You can pick him up and talk to him, especially in front of the hens, to show him that he does not have that level of control. You should try to feed him from your hand if he will eat before putting him back down.
Establishing this relationship early with your young aggressive rooster may help to alleviate some of his aggression prior to puberty.
Treatment of Aggressive Roosters
Approach an aggressive rooster wearing the proper gear. Make sure that you wear gloves, long pants, long sleeves, and boots so that you are completely protected. If your rooster is attacking you, then you may be able to disarm him by crouching down low and carefully feeding him treats out of your hand.
If you approach your rooster carefully in this manner you can condition him to regard you as essentially a “treat fairy” rather than a potential threat. It will take time and patience for him to grow accustomed to your approach. Eventually, he will stop wanting to pick fights with you.
This is because roosters do not regard other roosters or chickens as dispensers of food. This is an important distinction that they need to draw between you and the flock. When they begin to regard you as the “person who feeds them,” they will gain a necessary level of respect that is likely to calm the aggression.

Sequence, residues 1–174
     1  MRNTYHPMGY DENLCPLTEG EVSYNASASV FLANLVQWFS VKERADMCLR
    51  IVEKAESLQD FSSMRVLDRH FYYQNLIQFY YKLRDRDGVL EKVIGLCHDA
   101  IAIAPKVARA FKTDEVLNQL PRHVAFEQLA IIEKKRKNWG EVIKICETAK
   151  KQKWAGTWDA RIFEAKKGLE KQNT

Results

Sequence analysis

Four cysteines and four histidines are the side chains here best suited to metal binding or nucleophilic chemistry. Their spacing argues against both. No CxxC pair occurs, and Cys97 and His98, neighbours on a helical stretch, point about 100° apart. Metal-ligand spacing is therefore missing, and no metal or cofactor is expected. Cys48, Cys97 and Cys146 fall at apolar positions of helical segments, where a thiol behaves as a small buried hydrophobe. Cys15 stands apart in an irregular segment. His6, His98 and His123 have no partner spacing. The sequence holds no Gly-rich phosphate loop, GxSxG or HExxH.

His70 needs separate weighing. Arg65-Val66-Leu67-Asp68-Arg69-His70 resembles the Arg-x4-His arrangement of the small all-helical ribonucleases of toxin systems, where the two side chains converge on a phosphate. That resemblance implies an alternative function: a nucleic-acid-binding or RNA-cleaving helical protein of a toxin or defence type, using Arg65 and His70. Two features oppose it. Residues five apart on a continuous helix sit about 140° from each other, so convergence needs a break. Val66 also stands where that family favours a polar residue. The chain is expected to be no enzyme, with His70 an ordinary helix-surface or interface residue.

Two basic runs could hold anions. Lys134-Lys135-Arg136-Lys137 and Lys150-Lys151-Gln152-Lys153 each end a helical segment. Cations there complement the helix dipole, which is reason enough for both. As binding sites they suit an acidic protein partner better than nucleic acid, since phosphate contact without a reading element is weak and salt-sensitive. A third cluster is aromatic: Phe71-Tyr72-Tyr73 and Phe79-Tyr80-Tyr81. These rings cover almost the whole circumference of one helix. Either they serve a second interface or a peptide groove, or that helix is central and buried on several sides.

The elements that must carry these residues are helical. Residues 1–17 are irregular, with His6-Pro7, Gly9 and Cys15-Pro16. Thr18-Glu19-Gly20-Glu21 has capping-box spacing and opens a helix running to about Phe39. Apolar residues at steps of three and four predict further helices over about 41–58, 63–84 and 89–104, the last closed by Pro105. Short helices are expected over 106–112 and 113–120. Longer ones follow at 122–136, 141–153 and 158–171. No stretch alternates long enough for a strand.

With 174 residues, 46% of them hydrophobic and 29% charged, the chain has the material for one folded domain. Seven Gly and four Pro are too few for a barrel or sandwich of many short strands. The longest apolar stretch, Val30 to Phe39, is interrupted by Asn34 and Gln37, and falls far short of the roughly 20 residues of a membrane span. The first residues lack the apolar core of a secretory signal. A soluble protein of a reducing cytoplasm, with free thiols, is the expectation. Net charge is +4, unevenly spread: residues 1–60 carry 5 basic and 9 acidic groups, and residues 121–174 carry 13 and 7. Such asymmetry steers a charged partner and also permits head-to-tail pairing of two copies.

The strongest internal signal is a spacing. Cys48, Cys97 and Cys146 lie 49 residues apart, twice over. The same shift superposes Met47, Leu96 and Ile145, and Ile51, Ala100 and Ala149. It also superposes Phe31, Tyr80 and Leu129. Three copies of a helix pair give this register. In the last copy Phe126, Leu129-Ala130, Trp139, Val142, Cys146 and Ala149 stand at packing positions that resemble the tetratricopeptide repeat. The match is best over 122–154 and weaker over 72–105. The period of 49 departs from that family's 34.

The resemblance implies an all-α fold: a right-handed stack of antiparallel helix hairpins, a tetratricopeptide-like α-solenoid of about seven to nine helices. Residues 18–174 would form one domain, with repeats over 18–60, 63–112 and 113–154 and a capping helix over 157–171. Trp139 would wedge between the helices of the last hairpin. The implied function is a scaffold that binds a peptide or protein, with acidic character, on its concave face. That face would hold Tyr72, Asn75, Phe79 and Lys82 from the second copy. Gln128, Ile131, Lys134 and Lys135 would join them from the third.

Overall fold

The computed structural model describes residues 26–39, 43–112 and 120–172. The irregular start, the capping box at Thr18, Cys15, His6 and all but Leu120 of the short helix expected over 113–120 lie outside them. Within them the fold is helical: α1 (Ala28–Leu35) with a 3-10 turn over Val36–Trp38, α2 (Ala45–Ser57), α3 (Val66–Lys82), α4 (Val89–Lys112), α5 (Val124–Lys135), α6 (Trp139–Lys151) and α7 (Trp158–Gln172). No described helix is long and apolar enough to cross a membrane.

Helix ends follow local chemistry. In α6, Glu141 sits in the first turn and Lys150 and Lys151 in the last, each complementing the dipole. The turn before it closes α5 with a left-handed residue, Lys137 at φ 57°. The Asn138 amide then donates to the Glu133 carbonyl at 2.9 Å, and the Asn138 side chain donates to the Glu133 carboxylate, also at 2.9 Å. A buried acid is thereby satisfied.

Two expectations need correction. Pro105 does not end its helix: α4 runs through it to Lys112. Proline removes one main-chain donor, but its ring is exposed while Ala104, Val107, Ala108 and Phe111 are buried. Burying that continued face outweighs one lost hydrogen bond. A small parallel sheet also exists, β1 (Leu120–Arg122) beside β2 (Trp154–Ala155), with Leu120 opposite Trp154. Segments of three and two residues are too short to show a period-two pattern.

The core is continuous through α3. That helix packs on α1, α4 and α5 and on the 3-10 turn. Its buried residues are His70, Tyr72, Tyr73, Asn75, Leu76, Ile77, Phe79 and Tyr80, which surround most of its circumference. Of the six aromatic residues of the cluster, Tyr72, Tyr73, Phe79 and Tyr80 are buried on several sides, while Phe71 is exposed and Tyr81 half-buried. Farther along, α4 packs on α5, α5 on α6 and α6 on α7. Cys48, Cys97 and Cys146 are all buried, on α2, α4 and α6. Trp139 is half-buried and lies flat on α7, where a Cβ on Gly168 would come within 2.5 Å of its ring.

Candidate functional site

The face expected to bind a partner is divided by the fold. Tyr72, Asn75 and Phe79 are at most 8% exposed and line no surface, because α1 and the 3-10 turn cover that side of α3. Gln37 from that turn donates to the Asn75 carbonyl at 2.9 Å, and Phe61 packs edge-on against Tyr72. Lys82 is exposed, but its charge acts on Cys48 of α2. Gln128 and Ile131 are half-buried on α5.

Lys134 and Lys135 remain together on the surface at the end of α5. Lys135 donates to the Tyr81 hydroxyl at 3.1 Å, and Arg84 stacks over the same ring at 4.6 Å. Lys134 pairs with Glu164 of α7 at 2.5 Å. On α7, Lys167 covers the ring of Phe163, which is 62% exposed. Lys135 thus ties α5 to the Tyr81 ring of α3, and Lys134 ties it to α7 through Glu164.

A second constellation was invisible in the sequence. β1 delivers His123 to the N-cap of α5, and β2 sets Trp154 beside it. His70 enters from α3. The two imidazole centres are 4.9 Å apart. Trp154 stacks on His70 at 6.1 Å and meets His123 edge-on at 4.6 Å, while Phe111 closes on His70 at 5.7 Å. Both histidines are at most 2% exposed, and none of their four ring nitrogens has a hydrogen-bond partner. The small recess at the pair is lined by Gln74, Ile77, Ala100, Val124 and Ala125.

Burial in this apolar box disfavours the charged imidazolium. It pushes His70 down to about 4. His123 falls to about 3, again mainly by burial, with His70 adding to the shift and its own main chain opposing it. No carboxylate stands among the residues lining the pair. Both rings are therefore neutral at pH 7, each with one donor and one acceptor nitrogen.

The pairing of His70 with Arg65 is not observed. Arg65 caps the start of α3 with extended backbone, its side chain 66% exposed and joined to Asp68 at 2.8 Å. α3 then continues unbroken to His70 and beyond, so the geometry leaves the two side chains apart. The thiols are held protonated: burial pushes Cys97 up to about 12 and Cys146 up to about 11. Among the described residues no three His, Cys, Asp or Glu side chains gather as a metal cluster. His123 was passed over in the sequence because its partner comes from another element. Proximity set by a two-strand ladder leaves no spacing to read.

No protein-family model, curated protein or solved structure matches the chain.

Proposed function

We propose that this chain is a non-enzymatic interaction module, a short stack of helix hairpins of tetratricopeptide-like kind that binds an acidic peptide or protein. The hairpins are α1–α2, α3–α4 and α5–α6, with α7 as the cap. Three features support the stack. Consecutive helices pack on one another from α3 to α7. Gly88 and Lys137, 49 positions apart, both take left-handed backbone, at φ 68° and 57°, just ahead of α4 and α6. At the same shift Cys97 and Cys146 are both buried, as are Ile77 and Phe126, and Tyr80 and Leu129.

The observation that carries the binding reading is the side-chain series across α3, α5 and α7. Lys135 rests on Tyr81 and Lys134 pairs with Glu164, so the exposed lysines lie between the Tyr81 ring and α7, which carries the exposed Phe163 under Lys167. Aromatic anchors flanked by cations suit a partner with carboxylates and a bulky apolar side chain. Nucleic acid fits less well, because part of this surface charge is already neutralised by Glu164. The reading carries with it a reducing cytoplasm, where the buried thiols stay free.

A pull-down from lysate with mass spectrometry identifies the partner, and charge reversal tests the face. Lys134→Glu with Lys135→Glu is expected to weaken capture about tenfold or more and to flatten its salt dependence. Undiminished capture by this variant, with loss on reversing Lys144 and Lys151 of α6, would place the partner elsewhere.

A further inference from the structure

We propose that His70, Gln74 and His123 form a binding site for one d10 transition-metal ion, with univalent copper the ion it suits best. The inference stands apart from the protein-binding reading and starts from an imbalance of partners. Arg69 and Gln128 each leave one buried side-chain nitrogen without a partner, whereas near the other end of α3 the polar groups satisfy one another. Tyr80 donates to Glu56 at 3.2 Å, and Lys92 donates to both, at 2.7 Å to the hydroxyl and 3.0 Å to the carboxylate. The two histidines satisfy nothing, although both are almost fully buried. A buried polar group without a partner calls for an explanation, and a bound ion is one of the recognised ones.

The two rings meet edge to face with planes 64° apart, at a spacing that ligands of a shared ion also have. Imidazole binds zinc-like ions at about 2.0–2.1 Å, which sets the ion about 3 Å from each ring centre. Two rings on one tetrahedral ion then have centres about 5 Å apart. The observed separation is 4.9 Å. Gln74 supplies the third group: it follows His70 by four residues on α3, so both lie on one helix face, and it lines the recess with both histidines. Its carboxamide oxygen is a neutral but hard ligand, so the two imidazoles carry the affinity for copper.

It is important that you are not afraid of your aggressive rooster, and that you do not demonstrate fear toward your rooster. You must also take care not to allow him to fly up at your face. This is why you should crouch down and keep him on the ground by being down at his level.
The Top Dog Approach
Roosters naturally like to fight with their legs and feet. You should always wear foot and leg protection when dealing with them whether you go with kindness or dominance in dealing with them. The ‘Top Dog’ approach involves responding to a rooster’s attack by rolling him over onto his back with your protected foot.
If you repeat this process each time your aggressive rooster attacks, he will eventually hopefully decide that you are more dominant than he is. This does not work with every rooster, but it is an option worth exploring. The goal here is to demonstrate to your aggressive rooster that you are higher up in the pecking order than he is.